Driving Golf into the Future
Science of the Green takes a shot at environmental and economic sustainability
Picture a golf course.
Is it perfectly lush and emerald green?
That lush, emerald green golf course has come under some scrutiny. As with any managed landscape, golf courses require inputs like water, fertilizer and pesticides. With rising environmental and economic pressures, can these inputs be minimized? Can we do better for the environment and golf industry?
Brian Horgan, professor in the Department of Horticultural Science and Extension specialist, thinks so. He leads a research and renovation initiative called Science of the Green. The research and education team's goal is to address the golf industry's need for long-term agronomic, economic and environmental sustainability.
The timing is right for this initiative. Of the more than 15,000 golf courses in the United States today, about 4,000 are due for renovation. That includes the university's own 150-acre Les Bolstad Golf Course located between Minneapolis and St. Paul.
With Horgan at the helm, and to the delight of the industry, Science of the Green is taking a leadership role to help determine what's next for the golfing world.
"It's what we do best as a university and that's to identify, study, evaluate, teach, disseminate, and then ask the next set of questions," says Horgan.
A Living Laboratory
As part of this initiative, Les Bolstad Golf Course will be renovated into a living laboratory using privately raised funds through the University of Minnesota Foundation. And yes, it will most likely still be a fully-functioning golf course.
"A living laboratory is something that can be manipulated in scale and fail," Horgan explains. "In research, a 'failure' is disproving a hypothesis; it is just part of research. In the real world, failure costs jobs, money and resources. What the university can do is demonstrate and implement research at Les Bolstad on a functioning golf course."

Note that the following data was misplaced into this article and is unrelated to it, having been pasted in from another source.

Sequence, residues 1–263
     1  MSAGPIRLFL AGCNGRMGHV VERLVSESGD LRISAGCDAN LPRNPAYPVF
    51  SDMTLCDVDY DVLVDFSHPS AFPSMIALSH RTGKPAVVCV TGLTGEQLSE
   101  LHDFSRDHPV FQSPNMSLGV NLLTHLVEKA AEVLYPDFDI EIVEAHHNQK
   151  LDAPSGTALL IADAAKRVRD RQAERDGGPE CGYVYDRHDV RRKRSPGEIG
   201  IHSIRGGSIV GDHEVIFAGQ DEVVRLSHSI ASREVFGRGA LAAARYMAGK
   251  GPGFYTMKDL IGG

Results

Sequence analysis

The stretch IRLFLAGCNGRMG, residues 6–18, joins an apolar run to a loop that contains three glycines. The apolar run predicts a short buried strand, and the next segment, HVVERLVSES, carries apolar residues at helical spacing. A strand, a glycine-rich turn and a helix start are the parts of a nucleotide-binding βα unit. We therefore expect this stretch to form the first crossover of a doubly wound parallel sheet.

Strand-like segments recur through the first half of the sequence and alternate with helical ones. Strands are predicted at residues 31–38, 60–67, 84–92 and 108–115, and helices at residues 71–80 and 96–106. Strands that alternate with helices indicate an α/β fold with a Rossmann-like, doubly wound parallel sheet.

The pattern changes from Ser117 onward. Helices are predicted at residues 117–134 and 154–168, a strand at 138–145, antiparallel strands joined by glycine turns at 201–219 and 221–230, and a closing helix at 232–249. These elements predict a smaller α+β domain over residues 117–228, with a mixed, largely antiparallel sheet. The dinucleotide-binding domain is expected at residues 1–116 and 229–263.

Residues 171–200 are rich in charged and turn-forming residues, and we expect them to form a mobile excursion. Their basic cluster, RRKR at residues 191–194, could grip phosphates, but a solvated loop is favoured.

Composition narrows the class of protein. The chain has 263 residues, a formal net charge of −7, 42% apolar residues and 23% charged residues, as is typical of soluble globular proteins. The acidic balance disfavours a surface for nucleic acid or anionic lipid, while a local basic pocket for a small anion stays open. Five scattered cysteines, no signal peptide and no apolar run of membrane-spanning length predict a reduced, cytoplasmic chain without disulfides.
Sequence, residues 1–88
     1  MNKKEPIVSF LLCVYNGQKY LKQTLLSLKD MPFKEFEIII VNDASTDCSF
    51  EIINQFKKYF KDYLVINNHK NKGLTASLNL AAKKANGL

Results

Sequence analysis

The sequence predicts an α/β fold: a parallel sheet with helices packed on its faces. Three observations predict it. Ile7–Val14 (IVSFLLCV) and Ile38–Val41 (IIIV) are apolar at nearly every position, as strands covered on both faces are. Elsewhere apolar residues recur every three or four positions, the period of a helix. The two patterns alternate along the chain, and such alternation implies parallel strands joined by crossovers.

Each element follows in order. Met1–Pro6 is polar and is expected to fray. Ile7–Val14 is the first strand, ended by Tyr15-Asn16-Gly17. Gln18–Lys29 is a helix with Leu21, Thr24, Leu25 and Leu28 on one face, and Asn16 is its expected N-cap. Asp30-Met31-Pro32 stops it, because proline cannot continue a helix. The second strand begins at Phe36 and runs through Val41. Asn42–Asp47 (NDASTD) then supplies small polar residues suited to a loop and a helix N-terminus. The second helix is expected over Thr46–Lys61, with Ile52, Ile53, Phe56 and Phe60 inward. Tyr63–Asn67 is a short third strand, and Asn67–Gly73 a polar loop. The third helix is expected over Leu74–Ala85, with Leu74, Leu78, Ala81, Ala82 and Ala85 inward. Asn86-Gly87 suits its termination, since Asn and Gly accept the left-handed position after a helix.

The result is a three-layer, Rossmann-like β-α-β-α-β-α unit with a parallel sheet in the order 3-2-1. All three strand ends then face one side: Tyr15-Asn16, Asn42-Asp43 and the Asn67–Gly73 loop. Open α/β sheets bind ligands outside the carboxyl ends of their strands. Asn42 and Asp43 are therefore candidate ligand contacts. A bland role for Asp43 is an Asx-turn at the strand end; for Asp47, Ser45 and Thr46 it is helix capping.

A living laboratory is also a critical teaching tool. The public will play on the renovated course and see the different grass species and maintenance practices firsthand. So will decision makers from other golf courses who can use the research to make renovation decisions.
"The surface doesn't have to be perfect to enjoy the game, and often times we get so caught up in the perfection that we forget why we're out there," says Horgan. "How do we provide a fully functional golf course that isn't as impactful as in the past?"
He cites the 2014 US Open in Pinehurst, North Carolina. The course didn't look like what we're used to, but it played well and functioned appropriately. It did so with less water, fertilizer and pesticides.
The golf course of the future might even lead to fewer strokes for an amateur golfer—due to a less water-saturated fairway that allows the ball to bounce and continue (hopefully) toward the hole.
The smell of fresh-cut grass. The dew. The birdsong. The sun rise. Horgan got his start in golf in the bag room for a country club in Maryland. He became envious of the grounds crew, already at work when he arrived at 6 a.m.
Soon he was on that maintenance crew. It started him on his journey of where he is today: driving golf to be more sustainable.